Alternative e-commerce payment methods such as bank transfers, cash-on-delivery and direct debits will decline between 2012 and 2017, WorldPay said. Bank transfers will account for 6 percent of global e-commerce payments in 2017, compared to 7 percent in 2012, while cash-on-delivery and direct debits will respectively decline from 5 percent to 2 percent and from 2 percent to 1 percent between 2012 and 2017.
Purchases involving pre-pay or post-pay methods, local card schemes such as MisterCash in Belgium and China UnionPay, e-invoices, and digital currencies will decline from 10 percent of total e-commerce payments in 2012 to 5 percent in 2017.
According to WorldPay, Africa and the Middle East have the highest regional use worldwide of mobile devices for e-commerce payments. In 2012, mobile payments accounted for 3.6 percent of the e-commerce payments market in Africa and the Middle East. The top countries for mobile online payments in 2012 were Nigeria with mobile accounting for 19.6 percent of national e-commerce payments, Kenya with 19 percent and South Africa with 13.3 percent.
In 2012, mobile payments represented 1.2 percent of the Asia-Pacific e-commerce payment market. The top Asia-Pacific countries for mobile online payments in 2012 were the Philippines with 7.5 percent, India with 4 percent and China with 1.9 percent.
In 2012, mobile online payments accounted for 1.2 percent of U.S. online payments and for 0.3 percent of Canadian e-commerce transactions.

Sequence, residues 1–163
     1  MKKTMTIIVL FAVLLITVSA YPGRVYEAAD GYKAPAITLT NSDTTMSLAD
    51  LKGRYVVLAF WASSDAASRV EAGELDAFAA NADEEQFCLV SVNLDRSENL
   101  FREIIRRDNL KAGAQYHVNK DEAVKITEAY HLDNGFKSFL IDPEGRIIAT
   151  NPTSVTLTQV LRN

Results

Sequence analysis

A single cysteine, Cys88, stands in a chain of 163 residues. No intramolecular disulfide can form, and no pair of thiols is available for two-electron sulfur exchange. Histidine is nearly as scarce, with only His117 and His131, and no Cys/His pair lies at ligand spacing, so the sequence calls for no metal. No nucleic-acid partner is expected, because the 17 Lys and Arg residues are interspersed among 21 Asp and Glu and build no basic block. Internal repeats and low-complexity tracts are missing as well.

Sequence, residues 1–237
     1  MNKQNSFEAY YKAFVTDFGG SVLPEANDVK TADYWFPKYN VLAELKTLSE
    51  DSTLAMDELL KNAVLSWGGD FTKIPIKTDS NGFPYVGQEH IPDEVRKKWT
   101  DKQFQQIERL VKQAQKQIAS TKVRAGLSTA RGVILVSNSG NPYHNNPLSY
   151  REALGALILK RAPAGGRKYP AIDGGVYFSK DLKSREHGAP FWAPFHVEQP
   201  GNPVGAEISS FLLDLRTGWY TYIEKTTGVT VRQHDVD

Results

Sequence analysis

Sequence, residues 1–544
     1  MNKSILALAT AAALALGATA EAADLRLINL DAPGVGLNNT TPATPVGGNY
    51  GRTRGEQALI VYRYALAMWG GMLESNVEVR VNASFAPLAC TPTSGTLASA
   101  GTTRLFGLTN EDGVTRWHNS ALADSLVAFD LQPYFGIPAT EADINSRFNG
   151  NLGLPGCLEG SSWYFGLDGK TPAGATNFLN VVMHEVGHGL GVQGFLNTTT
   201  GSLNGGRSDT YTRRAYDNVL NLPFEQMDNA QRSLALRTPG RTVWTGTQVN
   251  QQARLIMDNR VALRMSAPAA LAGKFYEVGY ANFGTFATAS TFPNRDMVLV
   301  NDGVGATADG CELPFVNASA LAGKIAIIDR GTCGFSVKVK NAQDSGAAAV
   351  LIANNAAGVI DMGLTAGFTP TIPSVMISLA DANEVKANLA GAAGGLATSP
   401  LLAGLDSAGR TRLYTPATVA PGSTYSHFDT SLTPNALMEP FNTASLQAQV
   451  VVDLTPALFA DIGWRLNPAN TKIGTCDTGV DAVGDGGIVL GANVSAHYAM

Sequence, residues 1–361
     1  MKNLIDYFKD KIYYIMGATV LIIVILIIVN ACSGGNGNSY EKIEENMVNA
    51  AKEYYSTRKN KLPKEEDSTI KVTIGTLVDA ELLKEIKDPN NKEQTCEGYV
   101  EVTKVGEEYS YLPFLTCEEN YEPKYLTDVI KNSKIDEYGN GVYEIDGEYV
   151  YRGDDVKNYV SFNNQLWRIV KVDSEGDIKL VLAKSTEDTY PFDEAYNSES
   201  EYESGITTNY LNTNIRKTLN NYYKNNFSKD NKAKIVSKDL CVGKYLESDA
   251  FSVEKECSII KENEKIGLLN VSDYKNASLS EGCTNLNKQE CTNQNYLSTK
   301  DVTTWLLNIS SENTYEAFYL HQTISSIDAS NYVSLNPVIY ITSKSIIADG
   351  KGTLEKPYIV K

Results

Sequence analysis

Mobile accounted for 0.8 percent of European e-commerce transactions in 2012, with the top countries for mobile online payments being Poland (2.4 percent), Russia (1.8 percent), and Germany (1.7 percent).
In 2012, mobile represented 0.4 percent of e-commerce transactions in Latin America, with Brazil having the highest mobile e-commerce usage at 0.6 percent of national online payments.
"One of the reasons for the success of mobile e-commerce payments in Africa and the Middle East is a lack of infrastructure," Dallas said. "Africa has an extremely large number of unbanked consumers, which has driven innovation in finding ways to pay and transfer money securely. The growth of M-Pesa in Kenya shows there is a huge desire for electronic payment methods to ensure remote transactions are carried out securely."
Infrastructure challenges have restricted the growth and delivery of fixed-line Internet services in Africa. "Many Africans' first experience of the Internet has been via mobile devices, meaning that they jump straight into online commerce through a mobile device," Dallas said. "The Middle East, while not unbanked, has a relatively low penetration of payment cards in circulation. But, unlike Africa, the Middle East is relatively affluent, especially the UAE and Saudi Arabia, with a lot of disposable income available to be spent on the latest technology. These factors combined have encouraged the use of mobile devices for online transactions in the Middle East."
Dallas predicted Africa and the Middle East will continue to lead the charge for mobile P2P payments, but will cede ground in m-commerce to Asia-Pacific.
"For m-commerce and mobile wallets, we'll likely see Asia-Pacific come to the fore in the next few years," he said. "Asia-Pacific is predicted to see the fastest e-commerce growth, and mobile technologies will play a more important role as this market grows. North America and Western Europe, which have been slower to adopt mobile payments technologies, will also see growth."